Home > Eating for Productivity: How Nutrition Impacts Your Performance

Eating for Productivity: How Nutrition Impacts Your Performance

In DiseaseGuest BloggerHealthSociety |

By |

On March 13, 2019

“You are what you eat” – you’ve surely heard this old adage multiple times, especially when you’re not eating your best. Our diet impacts our lives and wellbeing at every level, from the way our skin looks, to the healthy functioning of internal organs, to the way we feel and ultimately, to the way we behave as well. And when it comes to workplace productivity, so much of it depends on your diet, we could say “You work how you eat.”


Carbs will slow you down



As all macronutrients, carbs are a necessary part of a healthy diet, but you certainly don’t have to put in extra effort to get enough of them. You’ll have a much more difficult time avoiding carb overload, especially if you tend to reach for pastries and sugary snacks to get through the workday – as most people do. They haven’t been getting such a bad rap in modern nutrition advice for no reason, but weight-loss advice aside, the biggest issue they pose to workplace productivity lies in their stimulation of insulin production.


In fact, studies have shown that overloading on carbs can be really detrimental to productivity. The body responds to carbohydrate-rich foods by producing larger amounts of insulin, which in turn induces the production of sleep hormones such as serotonin and tryptophan. In other words, that candy bar that you reach for in order to help you get through the afternoon slump might produce a short kick, but the eventual crash is inevitable.


Furthermore, research has shown that approximately 90% of the body’s serotonin is made in the digestive tract. With the link between sleep hormones and gut microbes further explained, that post-lunch energy slump and unstoppable desire to nap after a good meal makes a lot more sense.


Timing is key




If you want to nourish your brain and body to perform at their best, it’s not only what you eat that matters, but when you eat as well. For one, diet has a profound impact on your circadian rhythm, dictating your body’s internal clock, from your natural sleeping rhythm to the times in the day when you feel most alert. In other words, eating the right kind of food at just the right time can help you tune your body for maximum productivity and avoid being tired, drowsy, or unfocused at the times when you need to do the most important tasks.


The better you align your diet with your body’s internal clock, the closer you will be to reaching your full productivity potential during the day. Experts recommend a couple of key nutritional timing tips to maximize performance:

  • Don’t go to bed hungry, but make sure to leave plenty of space between your last meal of the day and your bedtime. Fuelling your body with food naturally signals it that it’s time to get to work soon, so be careful with evening meals or you’ll end up pushing your bedtime and feeling tired the next day.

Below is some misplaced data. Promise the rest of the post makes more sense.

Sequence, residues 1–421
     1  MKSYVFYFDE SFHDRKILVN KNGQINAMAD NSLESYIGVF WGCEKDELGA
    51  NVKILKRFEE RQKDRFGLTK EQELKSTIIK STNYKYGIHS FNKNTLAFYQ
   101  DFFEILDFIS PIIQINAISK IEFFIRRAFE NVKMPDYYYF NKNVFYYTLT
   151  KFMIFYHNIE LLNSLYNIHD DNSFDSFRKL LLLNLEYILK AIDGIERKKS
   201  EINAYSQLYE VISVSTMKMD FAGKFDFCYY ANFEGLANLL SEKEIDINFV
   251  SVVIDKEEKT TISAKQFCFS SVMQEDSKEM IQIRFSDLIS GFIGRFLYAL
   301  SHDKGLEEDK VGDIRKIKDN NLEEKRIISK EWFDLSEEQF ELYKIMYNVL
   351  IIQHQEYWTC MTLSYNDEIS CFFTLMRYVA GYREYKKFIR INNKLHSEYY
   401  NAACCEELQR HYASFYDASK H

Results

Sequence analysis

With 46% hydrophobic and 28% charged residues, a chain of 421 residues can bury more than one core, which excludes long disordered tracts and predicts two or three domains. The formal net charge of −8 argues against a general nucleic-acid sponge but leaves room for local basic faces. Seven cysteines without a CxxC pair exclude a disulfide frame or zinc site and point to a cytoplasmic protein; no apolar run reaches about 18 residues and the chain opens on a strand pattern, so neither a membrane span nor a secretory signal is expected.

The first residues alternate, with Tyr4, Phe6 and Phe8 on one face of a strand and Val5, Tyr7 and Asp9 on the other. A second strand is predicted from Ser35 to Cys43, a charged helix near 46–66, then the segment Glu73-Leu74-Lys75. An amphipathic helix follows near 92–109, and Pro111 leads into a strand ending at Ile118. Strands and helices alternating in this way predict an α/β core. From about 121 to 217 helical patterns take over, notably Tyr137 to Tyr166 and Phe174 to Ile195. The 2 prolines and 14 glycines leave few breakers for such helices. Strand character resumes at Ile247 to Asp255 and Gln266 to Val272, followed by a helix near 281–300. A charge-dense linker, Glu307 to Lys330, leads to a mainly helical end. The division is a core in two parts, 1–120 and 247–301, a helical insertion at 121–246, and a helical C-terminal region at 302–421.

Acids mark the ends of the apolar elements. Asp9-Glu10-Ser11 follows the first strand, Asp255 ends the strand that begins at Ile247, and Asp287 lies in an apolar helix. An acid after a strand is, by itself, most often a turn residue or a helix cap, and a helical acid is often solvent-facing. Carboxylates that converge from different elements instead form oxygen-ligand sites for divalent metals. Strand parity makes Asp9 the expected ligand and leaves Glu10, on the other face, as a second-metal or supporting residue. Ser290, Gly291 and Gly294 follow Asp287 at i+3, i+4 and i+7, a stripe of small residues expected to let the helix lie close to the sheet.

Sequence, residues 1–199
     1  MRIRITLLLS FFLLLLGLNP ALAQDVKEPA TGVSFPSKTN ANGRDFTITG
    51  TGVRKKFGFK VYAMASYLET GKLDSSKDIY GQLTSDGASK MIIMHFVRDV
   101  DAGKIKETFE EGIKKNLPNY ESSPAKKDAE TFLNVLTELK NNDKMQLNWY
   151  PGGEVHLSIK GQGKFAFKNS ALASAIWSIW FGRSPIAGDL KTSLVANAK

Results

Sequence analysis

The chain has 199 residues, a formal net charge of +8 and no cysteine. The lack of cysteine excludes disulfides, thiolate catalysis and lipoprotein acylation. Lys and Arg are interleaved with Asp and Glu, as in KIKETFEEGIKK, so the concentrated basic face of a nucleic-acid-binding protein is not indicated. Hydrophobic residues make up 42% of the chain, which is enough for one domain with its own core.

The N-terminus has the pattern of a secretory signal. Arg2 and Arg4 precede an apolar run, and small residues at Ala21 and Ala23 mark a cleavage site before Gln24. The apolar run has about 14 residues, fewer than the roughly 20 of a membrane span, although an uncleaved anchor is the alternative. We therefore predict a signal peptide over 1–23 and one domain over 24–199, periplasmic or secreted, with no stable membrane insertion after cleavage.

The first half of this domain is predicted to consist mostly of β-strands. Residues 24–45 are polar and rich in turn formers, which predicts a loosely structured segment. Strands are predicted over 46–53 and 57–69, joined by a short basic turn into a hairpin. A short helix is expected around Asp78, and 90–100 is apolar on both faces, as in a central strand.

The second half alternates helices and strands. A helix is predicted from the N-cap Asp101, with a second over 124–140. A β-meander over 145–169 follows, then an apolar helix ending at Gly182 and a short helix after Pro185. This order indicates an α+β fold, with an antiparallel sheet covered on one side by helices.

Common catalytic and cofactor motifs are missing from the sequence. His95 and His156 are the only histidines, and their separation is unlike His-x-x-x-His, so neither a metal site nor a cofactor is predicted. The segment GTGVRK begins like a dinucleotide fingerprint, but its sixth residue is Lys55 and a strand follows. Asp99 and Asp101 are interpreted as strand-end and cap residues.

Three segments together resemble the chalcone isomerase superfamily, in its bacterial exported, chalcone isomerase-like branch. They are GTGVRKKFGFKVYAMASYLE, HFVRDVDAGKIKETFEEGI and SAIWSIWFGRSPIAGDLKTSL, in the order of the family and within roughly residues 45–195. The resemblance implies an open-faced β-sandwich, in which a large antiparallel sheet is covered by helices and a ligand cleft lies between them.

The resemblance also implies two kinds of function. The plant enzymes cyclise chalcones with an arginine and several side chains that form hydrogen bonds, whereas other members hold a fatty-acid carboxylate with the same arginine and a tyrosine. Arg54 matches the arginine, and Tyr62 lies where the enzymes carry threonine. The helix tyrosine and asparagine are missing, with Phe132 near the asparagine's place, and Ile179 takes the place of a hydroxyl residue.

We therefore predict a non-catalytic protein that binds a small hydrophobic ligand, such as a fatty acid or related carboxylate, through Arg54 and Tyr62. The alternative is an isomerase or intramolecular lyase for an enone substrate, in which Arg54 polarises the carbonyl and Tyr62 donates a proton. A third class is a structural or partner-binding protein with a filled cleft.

• Eat your largest meal in the morning. A filling, wholesome breakfast will provide you with slow-burning energy which you need to get plenty of quality work done before noon – and not go into a starvation mode that renders you dysfunctional as you wait for lunchtime. Great memory-boosting breakfast foods include eggs, bananas, yogurt, and blueberries.
  • Avoid fatty foods and heavy, high-calorie foods such as hamburgers and fries during lunchtime. These will slow you down and make you sleepy.


Glucose levels are directly related to willpower

That’s right – studies have proven that your blood sugar levels directly affect your brain’s ability to resist temptation and stay on task. We often don’t realize that productivity largely relies on willful resistance to distractions and as it turns out, your body’s glucose levels actually have a profound effect on what we’d call “willpower”. When your blood sugar hits a low, you won’t only be faced with an energy slump and possibly crankiness, but you’ll have little self-control and not enough willpower to stay on task.




Once again, this is where timing is important. You don’t want to be taking your body on a glucose rollercoaster, hitting lows and highs throughout the day, as that will give you no control whatsoever over your performance levels. Experts suggest that our brains work best when we have about 25g of glucose circulating through the bloodstream, which is about the amount found in a banana. That’s why smaller but more frequent meals and banana snacks are the best options for sustaining brainpower.




All in all, a healthy diet requires mindfulness. If you want to start eating for maximum productivity levels, you’ll need to devote attention and care in order to turn it into a habit. Once you get rid of productivity-killing dietary habits and replace them with the food that boosts brainpower, you’ll be surprised by how much more you’re able to get done each day.

Last modified: March 13, 2019

Leave a Reply